The perfect Christmas tree…
How to choose the perfect Christmas Tree
Absolutely nothing defines Christmas more than a perfect Christmas tree at home with the smell of pine in every room; beautiful.
Do your research
Be sure to look at as many Christmas trees as you can to get your perfect tree.
Look for unnetted trees so you can see the shape properly; look for a tree that is an ‘A’ shaped with consistent spacing between the branches.
Trees with roots are less prone to ‘needle drop’ than a cut tree and can be planted in your garden after Christmas so you can dig the tree up next year and use again.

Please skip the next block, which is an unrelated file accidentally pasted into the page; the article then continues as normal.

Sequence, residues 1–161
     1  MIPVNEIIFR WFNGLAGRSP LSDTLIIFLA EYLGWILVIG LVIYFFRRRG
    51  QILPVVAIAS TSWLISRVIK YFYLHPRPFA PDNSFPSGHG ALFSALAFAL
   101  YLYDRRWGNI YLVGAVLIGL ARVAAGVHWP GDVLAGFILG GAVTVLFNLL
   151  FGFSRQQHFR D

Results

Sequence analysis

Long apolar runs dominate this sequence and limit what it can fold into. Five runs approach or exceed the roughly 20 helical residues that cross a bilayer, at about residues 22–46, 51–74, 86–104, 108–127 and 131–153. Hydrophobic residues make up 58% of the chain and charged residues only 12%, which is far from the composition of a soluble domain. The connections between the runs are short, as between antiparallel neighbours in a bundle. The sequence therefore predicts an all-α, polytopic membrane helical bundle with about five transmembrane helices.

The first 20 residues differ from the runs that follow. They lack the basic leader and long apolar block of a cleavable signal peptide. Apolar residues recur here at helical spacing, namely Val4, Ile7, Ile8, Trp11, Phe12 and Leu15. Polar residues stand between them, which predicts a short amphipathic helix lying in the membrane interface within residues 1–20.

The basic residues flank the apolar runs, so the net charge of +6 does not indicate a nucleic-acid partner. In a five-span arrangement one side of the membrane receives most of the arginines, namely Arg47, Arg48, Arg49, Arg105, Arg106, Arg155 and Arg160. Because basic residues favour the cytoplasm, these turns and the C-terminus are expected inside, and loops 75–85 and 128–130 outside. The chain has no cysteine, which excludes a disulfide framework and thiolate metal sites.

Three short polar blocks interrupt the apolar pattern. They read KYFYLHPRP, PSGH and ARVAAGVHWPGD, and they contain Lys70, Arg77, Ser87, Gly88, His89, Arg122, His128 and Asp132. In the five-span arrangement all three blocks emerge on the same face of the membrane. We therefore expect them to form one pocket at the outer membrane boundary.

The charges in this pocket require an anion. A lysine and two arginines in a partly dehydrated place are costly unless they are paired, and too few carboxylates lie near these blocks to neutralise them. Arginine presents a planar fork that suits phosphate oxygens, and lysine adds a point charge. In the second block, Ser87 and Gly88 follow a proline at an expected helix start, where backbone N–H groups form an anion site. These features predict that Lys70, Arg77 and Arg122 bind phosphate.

If your Christmas tree has a good root, it will happily grow in your garden if planted soon after the festivities. The Nordmann Fir and the Norway Spruce will prefer acidic soil rather than alkaline.
Spruces have surface roots, so if buying bare-rooted to plant in the garden after Christmas, choose one that has strong and horizontal roots.
One of the easiest ways to tell the difference between a true spruce and a fir tree is to look at the tree’s cones. When mature, the cones on a fir tree stand straight up; whereas the mature cones on a spruce will grow down towards the ground, from the bottom side of the branch.